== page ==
This is Khaki in healthier days. During Deshain here there is a doggy worship day. No kidding. We didn't stop our staff from spoiling her that day with treats, garlands and the tikka (red powder on her head). We did draw the line at sacrificed goat blood being sprinkled on our car though. Ugh.
We had the vet over last night to either give us assurance that our sweet dog isn't suffering or tell us it was time to euthanize. He said he didn't think she is suffering but thought she didn't have more than a month left. I certainly hope she dies a natural death but don't want her to suffer of course.
When I met Bill and found out he had a dog, I thought "he must be nice guy - he has a dog!". Then I met her and she was mutt - aww - Bill is a really nice guy. Bill adopted Khaki when he was posted in Kenya. She was a puppy picking garbage in a hotel resort parking lot in Nairobi. A woman at the embassy was rescuing street dogs, getting them their shots and adopting them. Her husband finally said "Basta" and she was looking for someone to take some of her dogs. Bill became a doggy daddy.
Bill and I met about three years later. Khaki used to nose between us if we were sitting next to each other on the couch (our canine chaperone:)). After we got married and moved to Prague she became MY buddy. She used to follow me around the apartment all day. We went for long walks through the vast park across the street from our apartment building.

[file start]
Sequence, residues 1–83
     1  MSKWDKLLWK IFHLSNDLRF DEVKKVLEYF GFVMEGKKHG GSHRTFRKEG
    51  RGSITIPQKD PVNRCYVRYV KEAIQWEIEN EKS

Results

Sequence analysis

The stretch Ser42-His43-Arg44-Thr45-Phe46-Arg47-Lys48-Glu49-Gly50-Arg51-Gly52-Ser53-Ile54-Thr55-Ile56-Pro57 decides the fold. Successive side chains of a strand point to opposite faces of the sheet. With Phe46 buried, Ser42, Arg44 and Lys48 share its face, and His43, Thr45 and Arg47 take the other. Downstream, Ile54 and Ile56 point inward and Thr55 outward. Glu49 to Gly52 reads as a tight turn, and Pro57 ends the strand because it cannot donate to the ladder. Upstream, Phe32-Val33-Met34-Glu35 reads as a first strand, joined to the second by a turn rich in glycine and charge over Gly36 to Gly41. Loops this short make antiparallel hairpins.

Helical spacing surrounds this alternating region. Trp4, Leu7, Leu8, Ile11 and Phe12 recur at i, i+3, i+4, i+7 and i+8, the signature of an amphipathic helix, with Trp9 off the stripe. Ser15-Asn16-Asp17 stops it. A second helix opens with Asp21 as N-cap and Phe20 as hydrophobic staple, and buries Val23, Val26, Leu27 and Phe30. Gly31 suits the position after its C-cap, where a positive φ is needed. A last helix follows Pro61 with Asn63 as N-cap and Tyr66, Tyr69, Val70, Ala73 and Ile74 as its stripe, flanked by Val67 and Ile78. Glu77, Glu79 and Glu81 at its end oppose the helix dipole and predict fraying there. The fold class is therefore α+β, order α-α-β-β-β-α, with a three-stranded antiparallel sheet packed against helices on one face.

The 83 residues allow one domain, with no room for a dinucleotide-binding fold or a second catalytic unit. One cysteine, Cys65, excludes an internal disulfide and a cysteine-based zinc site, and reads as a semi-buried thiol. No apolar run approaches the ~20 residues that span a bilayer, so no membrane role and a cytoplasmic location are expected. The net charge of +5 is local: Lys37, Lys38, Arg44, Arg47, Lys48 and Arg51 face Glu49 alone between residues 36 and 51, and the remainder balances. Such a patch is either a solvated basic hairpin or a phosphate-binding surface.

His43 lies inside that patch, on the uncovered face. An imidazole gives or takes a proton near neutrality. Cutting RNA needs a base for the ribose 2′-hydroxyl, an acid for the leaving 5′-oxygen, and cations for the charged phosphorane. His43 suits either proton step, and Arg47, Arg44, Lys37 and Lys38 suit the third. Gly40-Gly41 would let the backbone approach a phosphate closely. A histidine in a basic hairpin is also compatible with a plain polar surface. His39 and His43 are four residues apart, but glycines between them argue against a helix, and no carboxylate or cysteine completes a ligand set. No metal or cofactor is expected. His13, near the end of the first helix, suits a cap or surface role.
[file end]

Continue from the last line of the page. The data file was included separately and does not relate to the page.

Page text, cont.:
Now life took a serious downturn for Khaki with the arrival of our first born. A friend gave us a copy of Puskhin Meets the Bundle, a story from the dog's viewpoint about the arrival of a little squirmy bundle who steals the attention of his master/mistress. She has been a trooper though - enduring being tugged, "patted" a little to roughly, and being ridden on like a pony. (These were not successful attempts mind you - she isn't that big!)
We aren't sure how old she is. Maybe 14, 15, 16? The last three months she has declined dramatically. She is skin and bones and I am pureeing chicken for her in hopes that she will eat more. We love her. This isn't a eulogy - just a bittersweet reflection.
Cheers to great dogs,